Summer is a beautiful, colourful time, but if you live in the city, the closest you come to a flower may be the bouquets at the grocery store and your favourite floral dress. Between the acidity in urban soil, the struggle of balcony gardening and those damn pests, it seems impossible to have any real plants of your own. Well, with a little help from By Nature‘s Sam Normandeau, we’ve put together some tips for partaking in the natural part of summer right in your own urban backyard.
What to plant
Cities aren’t exactly known for their great sun exposure. Sure, it seems sunlight’s always reflecting off some window or polished surface, but with all the tall buildings (and if your garden is on a balcony), your plants are likely stuck in the shade for a good portion of the day. So save yourself the hassel of trying to figure out how to get your plants more light and just invest in some plants that don’t need very much of it in the first place. Flowers like begonias, hydrangeas, geraniums and hostas all do well in a shady environment.
There are few things better than tasting the produce you grow yourself. You don’t need to sacrifice that luxury just because you don’t have enough room to grow rows of tomato vines. Try planting one of each plant you like rather than multiples — you usually end up giving away half the haul anyway. You can also plant vegetables like beans and peas that grow vertically or smaller root vegetables like kinko carrots or beets that grow close to the soil’s surface.
Herbs with delicate leaves like basil or mint need a good amount of sunlight and protection to flourish. Don’t let that stop you from having fresh seasonings in your garden though. Try growing more hearty and resilient herbs like thyme and rosemary.
When all else fails, cacti
Cacti literally live in the desert. They are almost impossible to kill. Just try.
Where to plant
The soil in the city is usually highly acidic, which is bad for your plants’ growth. You can try to replace all the area around your plants with new topsoil, but that can get expensive. Another solution is to plant in pots or other things. That’s right, there are a number of cute ways to plant a garden without planting anything in the ground.
Microgardens are all the rage
Microgardens are a quirky, cute way to spice up your garden, recycle things you might otherwise throw out and condense garden space. Rainboots, watering cans, fish bowls, water bottles. Basically, if it can hold dirt, it can hold your plant. Get creative!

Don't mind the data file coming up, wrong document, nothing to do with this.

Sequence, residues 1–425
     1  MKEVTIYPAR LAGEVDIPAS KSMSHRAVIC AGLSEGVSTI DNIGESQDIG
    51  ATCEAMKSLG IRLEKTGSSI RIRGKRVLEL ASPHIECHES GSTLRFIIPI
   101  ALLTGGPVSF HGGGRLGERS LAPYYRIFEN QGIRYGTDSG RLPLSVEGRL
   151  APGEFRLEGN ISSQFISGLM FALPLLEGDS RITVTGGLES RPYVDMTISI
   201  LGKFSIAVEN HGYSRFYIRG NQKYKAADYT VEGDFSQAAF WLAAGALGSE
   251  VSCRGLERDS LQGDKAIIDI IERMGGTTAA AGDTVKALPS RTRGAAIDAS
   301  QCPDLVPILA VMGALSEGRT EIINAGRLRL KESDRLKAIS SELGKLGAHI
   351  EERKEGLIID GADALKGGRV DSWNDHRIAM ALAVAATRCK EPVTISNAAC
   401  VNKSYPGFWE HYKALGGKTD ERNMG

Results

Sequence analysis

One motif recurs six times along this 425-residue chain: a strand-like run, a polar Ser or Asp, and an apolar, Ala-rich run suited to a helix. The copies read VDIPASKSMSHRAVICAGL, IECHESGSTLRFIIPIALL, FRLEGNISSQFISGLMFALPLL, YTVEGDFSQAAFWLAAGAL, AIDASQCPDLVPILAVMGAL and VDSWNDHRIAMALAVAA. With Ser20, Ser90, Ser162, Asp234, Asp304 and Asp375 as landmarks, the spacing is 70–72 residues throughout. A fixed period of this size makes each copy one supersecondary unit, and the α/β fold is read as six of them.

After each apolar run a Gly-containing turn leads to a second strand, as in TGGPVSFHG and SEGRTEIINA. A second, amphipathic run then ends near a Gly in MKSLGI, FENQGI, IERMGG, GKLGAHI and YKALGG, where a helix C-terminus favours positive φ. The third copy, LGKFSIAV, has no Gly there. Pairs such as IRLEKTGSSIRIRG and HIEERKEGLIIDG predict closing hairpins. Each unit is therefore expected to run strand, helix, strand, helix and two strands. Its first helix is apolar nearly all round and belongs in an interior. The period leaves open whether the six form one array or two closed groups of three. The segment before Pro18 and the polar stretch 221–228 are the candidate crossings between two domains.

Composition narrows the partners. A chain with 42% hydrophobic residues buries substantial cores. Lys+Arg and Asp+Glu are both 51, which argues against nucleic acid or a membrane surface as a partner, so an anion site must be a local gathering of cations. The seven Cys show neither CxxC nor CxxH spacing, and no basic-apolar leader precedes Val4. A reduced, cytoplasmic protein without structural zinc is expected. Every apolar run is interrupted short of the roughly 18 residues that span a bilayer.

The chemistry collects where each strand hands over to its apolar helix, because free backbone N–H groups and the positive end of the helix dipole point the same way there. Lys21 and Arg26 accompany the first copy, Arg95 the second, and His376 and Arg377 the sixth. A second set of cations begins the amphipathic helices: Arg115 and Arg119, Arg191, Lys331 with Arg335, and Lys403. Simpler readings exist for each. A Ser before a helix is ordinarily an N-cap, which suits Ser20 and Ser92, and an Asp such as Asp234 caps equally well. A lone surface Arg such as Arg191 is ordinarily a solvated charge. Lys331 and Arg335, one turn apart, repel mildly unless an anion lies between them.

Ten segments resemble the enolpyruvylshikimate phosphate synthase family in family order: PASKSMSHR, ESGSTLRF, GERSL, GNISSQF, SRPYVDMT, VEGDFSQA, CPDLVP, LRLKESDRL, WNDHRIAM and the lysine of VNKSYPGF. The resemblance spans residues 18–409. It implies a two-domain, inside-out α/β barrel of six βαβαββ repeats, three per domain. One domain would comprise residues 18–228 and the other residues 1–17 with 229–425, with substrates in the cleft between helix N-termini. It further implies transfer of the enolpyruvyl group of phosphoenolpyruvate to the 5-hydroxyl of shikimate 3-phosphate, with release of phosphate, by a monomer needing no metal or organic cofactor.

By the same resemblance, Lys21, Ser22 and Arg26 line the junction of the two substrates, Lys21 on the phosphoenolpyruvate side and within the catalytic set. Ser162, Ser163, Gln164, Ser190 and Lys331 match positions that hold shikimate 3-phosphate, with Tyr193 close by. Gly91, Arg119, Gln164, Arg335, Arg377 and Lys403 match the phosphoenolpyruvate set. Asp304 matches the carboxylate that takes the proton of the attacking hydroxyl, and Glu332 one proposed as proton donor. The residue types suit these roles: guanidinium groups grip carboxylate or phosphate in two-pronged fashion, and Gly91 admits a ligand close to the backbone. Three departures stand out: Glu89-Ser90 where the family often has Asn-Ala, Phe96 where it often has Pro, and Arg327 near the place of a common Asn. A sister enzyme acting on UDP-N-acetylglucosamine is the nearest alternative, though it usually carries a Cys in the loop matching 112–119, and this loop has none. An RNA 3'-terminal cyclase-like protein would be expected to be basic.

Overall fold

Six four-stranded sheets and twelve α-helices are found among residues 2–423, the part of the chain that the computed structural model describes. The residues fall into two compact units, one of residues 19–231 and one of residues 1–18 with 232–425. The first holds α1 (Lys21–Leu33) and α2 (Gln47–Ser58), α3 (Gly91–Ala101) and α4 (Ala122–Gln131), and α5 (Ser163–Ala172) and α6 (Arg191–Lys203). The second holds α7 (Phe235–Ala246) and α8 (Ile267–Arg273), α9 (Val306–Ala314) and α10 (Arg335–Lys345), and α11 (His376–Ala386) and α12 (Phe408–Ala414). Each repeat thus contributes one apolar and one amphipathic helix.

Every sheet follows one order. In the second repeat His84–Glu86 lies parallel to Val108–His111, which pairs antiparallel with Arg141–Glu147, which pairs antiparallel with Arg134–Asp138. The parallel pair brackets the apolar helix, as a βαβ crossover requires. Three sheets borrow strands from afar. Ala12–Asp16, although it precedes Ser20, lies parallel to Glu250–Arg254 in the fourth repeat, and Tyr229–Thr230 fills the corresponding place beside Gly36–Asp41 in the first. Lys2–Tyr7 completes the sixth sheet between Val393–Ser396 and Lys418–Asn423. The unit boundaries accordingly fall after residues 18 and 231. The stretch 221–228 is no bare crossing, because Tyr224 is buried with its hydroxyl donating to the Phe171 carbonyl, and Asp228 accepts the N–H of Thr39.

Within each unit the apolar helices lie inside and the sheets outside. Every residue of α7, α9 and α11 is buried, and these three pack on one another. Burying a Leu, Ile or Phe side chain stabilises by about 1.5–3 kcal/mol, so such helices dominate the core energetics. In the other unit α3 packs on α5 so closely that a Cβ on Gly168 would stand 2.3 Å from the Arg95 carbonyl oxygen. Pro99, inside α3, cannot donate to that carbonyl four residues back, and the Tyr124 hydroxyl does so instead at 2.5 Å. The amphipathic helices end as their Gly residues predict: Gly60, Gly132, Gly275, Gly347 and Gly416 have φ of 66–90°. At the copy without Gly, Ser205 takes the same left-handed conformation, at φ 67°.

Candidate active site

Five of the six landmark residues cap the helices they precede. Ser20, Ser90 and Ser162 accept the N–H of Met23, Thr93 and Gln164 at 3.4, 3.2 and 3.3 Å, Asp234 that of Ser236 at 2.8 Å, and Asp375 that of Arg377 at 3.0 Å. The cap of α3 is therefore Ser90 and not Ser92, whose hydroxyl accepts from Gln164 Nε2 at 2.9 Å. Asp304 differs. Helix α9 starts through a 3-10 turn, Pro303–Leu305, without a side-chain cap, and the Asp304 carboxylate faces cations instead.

If your plants are confined to a balcony or tiny backyard, your best option may be to go vertical. You can grow a number of vines on fences and walls or set up a little arrangement like this one. These really help you make the most of your space. Plus, is this adorable or what?
What? Upside down gardens?
Who would have thought? These sky planters can hang from pretty much anywhere and will make a cute and quirky addition to your deck, patio or balcony. Just be careful when walking under them. Get them here.
Troubleshooting your urban garden
Your first line of defence is always a neat and clean garden. Don’t have anything that appeals to them lying around in your garden (that means compost) and eliminate areas where water might pool for them to drink. You can also set up fencing around your yard or lay plastic mesh in the garden to deter them. Another method is to bury hot peppers in the soil. The peppers won’t harm the plants, but they are quite unpleasant on little rodents’ feet.
While you could buy a super expensive ultrasonic pigeon repeller, it feels a little unnecessary when there are other effective ways to keep pigeons out of your garden. Pigeons are afraid of owls. So purchasing one of those scare owls can keep them away (plus, you gain a friend). It also helps to minimize places where they can sit and perch, because that seems to be their favourite pastime.
Bleh! Acidic soil
With how bad pollution in a city can be, your soil is likely more acidic than your plants can handle and contains other toxins that will kill them. The easiest solution is just to plant in containers and skip using the soil in your backyard all together. If you’re dead set on planting in the ground, you’re going to need to make sure your plants are only in healthy topsoil by replacing a significant amount of the stuff in your garden. Test your soil regularly and replace the soil as needed. Alternatively, you could try using a self-feeding planter if you haven’t been blessed with a green thumb.
So don’t be afraid of your urban garden. There are definitely ways for you to and your plants to live in the city. Let this be the summer of living colour!